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1

Axisymmetry implies that there is no change in anything in the $\theta$ direction, i.e. $$\frac{\partial}{\partial\theta}(\text{anything}) = 0$$ Which would mean \begin{align} \frac{\partial p}{\partial\theta} &= 0 \\ \frac{\partial \vec{V}}{\partial\theta} &= 0 \\ \implies &\frac{\partial v_r}{\partial\theta} = 0 \\ \implies ...

0

The geometric argument is clear: Consider a Lagrangian density ${\cal L}=d_{\mu}F^{\mu}$ that is a total divergence. The action $S[\phi] = \int \! d^dx~{\cal L}$ will then be a boundary integral, due to the divergence theorem. Therefore the corresponding variational/functional derivative, $$\tag{1} \frac{\delta S}{\delta\phi^{\alpha}(x)}$$ which is an ...

0

A term $\int\!d^4x\, \operatorname{Tr}\, F \wedge F$ can be added to a non-Abelian Yang-mills theory (it vanishes trivially for the Abelian case, because of the wedge), and it is a total derivative. This term doesn't influence the equations f motion. However, this is a topological charge that counts something akin to the "winding number" of the gauge field. ...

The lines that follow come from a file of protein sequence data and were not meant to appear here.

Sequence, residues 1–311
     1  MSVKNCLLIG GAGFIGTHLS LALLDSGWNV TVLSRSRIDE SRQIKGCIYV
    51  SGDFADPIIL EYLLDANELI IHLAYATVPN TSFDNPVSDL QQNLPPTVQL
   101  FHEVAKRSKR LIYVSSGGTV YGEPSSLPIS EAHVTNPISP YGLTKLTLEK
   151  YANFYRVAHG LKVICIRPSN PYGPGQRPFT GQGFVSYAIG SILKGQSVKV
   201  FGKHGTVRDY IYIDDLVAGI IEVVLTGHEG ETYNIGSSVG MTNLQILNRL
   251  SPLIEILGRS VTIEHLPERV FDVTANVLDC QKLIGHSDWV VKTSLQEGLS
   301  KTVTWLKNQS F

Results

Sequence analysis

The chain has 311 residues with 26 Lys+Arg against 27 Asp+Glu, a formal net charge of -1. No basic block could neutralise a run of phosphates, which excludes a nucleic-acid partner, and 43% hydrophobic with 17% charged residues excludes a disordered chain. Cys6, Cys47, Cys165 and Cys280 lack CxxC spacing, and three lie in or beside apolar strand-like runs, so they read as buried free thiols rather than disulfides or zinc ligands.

0

If you have a four divergence inside an integral over all of spacetime (which is what you get when you extremize the action), the result will be a term which will be some product of the field(s) and its/their derivatives, evaluated at the boundary of spacetime. Since we assume that all fields go to zero (sufficiently quickly, so that their derivatives also ...

4

Topological degeneracy is only defined in the thermodynamic limit on a closed manifold. The ground state degeneracy of a finite-sized system or on an open manifold is not "topological", and can not be called topological degeneracy. Considering your examples. (1) The ground state degeneracy is ill-defined with open boundary condition. Because there might be ...

1

In a real-life misshapen blob of metal, strictly speaking the cyclic boundary conditions cannot be applied, since the blob only has a trivial group of spatial symmetries. However, the blob is approximately invariant under lattice translations (with the only mismatch occurring with the extremely small number of atoms at the surface) so it is tempting to ...

1

Yes there is a simple explanation. Think of a metallic sphere that is not connected to anything (i.e. floating), move this conducting sphere close to a positive electrode. Now what happens is, the negative charges are induced on the surface of the sphere closest to the electrode; those negative charges leave positive charges behind. Just like figure (a) ...

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